NEW ORLEANS (AP) — A few months after Zion Williamson was left entirely out of Pelicans promotional material regarding ticket renewals, the injury-riddled star forward was back to being celebrated Wednesday as a supremely influential figure in New Orleans’ future.
“The last few months were a roller-coaster of emotions,” Williamson said. “The world just ran with narratives, and so when my family was going out in public, they’re getting harassed by people about why we don’t like New Orleans or why we don’t want to be here, when that’s not the case at all.
“I wasn’t able to play because my foot was broke,” Williamson continued. “Every time I checked my phone it’s always something negative. Even when you’re trying to make positive of the situation, it was very tough.”
So the Pelicans used the occasion of Williamson signing a $193 million, five-year contract extension — which could be worth up to $231 million if the explosive, 6-foot-6, 280-pounder lives up to the potential he’s displayed when healthy — to try to dispel past notions of distrust and start a new narrative.
“This is a really momentous occasion for all of us,” said David Griffin, the Pelicans’ executive vice president of basketball operations. “This is an opportunity for us as an organization to really put to bed a lot of things that were said.
“So many things that are talked about are just words,” Griffin continued as Williamson nodded in agreement beside him. “What Zion Williamson did today is express his commitment to this team and to this city and to this community. … So the noise that’s on the periphery of all of that is completely irrelevant.”
Williamson appears healthy now, cleared by the club to engage in basketball activities without restrictions. Recently, he and his stepfather, Lee Anderson, have been running basketball camps for kids at a New Orleans YMCA, where Williamson formally signed his contract while campers stood behind him and applauded.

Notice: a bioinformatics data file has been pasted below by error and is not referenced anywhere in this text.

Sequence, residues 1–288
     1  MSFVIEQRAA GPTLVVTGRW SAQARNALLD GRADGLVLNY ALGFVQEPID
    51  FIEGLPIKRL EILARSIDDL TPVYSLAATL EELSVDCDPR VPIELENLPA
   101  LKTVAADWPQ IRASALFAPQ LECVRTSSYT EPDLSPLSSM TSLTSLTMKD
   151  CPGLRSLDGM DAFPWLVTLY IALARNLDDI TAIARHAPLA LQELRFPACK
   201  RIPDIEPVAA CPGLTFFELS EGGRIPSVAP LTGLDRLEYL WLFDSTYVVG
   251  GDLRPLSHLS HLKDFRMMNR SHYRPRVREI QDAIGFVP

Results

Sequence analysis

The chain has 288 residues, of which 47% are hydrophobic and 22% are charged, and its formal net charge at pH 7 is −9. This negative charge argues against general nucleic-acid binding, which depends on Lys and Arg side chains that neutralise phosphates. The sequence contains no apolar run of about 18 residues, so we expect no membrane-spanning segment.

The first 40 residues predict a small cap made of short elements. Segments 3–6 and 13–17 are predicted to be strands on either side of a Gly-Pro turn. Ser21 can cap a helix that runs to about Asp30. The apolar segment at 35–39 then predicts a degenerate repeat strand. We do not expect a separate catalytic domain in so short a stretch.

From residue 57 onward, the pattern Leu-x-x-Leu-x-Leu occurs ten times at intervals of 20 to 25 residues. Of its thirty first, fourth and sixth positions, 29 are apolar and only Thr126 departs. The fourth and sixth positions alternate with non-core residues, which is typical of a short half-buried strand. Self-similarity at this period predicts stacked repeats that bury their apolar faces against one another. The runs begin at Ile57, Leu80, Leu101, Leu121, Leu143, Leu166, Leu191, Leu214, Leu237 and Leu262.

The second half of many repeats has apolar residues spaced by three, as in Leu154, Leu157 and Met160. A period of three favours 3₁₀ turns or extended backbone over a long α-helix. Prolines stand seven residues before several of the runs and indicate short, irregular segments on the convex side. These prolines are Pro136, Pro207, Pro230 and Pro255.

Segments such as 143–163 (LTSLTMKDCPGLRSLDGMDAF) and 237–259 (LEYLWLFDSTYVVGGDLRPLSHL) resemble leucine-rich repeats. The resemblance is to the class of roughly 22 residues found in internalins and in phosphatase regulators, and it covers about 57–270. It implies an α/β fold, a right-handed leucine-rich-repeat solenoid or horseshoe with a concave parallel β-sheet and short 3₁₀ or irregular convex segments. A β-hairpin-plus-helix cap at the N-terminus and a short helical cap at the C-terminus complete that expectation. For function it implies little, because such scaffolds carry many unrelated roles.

It also was Williamson’s 22nd birthday, and he commented, while grabbing Griffin’s shoulder and smiling, that it was his best birthday yet.
“Thank y’all for really sticking with me the past year,” Williamson said to the Pelicans’ brass. “It was a tough year, and then for the Pelicans to come give this birthday gift, I’m not going to let ‘em down. I’m not going to let the city down, I’m not going to let my family down, and most of all, I’m not going to let myself down.”
Now the 2019 No. 1 overall draft choice out of Duke, who has played in just 85 games in his first three seasons, is primed to see how much his return could help a squad that improved dramatically late last season and made a surprisingly competitive playoff showing without him.
Griffin, meanwhile, sees his vision for building a young team set up for sustained success coming together under Willie Green, who in his first season as an NBA head coach shepherded the team from a 1-12 start to postseason qualification, two play-in victories and two more victories in a first-round series against top-seeded Phoenix.
“We feel like with the team we have assembled, with Zion as an enormous part of that, coach Green and his staff are going to be able to put together an incredible run,” Griffin said. “We’re young, we’re talented and most importantly we are very hungry.”
Williamson played in just 24 games as a rookie because of a preseason right knee injury (lateral meniscus). In his second season, he played in 61 of 72 games, averaging a team-high 27 points and becoming a first-time All-Star during what was his lone NBA campaign not mostly or entirely wiped out by injuries.
“Zion is a huge part of what we want to accomplish,” Green said, noting that Williamson will periodically initiate the offense handling the ball as he did successfully in is second season. “It’s not necessarily him fitting in. He can do that with any team in the league. It’s about maximizing the group that we have when we had him to it. And, frankly, I think it’s going to be scary for the rest of the NBA.”
Williamson said he is focused on adopting strategies meant to preserve his health and promote career longevity — but cutting down on vigorous, high-flying dunks in favor of lower-impact layups probably won’t be one of them.
“I’m a competitor, so when I’m on the court, I’m not thinking about, ”Let me lay this ball in; hopefully my career will last longer,'” Williamson asserted with a playful grin. “No, I’m thinking about putting that person through the rim. So, as far as me dunking, that’s going to always happen. That’s going to stay happening, no matter what (team trainers and management) are talking about. I’m always dunking. Come on, man!”
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